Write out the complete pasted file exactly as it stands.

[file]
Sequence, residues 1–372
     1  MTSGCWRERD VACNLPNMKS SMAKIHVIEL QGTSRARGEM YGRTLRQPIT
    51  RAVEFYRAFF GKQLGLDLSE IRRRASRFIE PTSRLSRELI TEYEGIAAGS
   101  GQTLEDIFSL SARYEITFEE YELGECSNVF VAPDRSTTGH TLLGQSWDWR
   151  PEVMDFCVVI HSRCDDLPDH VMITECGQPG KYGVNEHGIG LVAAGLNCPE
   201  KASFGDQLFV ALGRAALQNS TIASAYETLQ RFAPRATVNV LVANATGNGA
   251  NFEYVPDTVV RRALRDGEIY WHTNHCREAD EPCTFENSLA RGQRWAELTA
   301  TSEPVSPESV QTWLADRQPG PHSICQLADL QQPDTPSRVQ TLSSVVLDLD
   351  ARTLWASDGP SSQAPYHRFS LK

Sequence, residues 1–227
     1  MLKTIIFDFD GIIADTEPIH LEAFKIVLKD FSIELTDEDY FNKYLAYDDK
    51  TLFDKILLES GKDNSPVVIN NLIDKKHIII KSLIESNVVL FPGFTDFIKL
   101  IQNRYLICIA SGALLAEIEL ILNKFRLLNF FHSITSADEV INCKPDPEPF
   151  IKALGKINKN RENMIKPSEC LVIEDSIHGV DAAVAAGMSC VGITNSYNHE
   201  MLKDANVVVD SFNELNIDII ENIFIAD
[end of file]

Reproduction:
Sequence, residues 1–372
     1  MTSGCWRERD VACNLPNMKS SMAKIHVIEL QGTSRARGEM YGRTLRQPIT
    51  RAVEFYRAFF GKQLGLDLSE IRRRASRFIE PTSRLSRELI TEYEGIAAGS
   101  GQTLEDIFSL SARYEITFEE YELGECSNVF VAPDRSTTGH TLLGQSWDWR
   151  PEVMDFCVVI HSRCDDLPDH VMITECGQPG KYGVNEHGIG LVAAGLNCPE
   201  KASFGDQLFV ALGRAALQNS TIASAYETLQ RFAPRATVNV LVANATGNGA
   251  NFEYVPDTVV RRALRDGEIY WHTNHCREAD EPCTFENSLA RGQRWAELTA
   301  TSEPVSPESV QTWLADRQPG PHSICQLADL QQPDTPSRVQ TLSSVVLDLD
   351  ARTLWASDGP SSQAPYHRFS LK

Sequence, residues 1–227
     1  MLKTIIFDFD GIIADTEPIH LEAFKIVLKD FSIELTDEDY FNKYLAYDDK
    51  TLFDKILLES GKDNSPVVIN NLIDKKHIII KSLIESNVVL FPGFTDFIKL
   101  IQNRYLICIA SGALLAEIEL ILNKFRLLNF FHSITSADEV INCKPDPEPF
   151  IKALGKINKN RENMIKPSEC LVIEDSIHGV DAAVAAGMSC VGITNSYNHE
   201  MLKDANVVVD SFNELNIDII ENIFIAD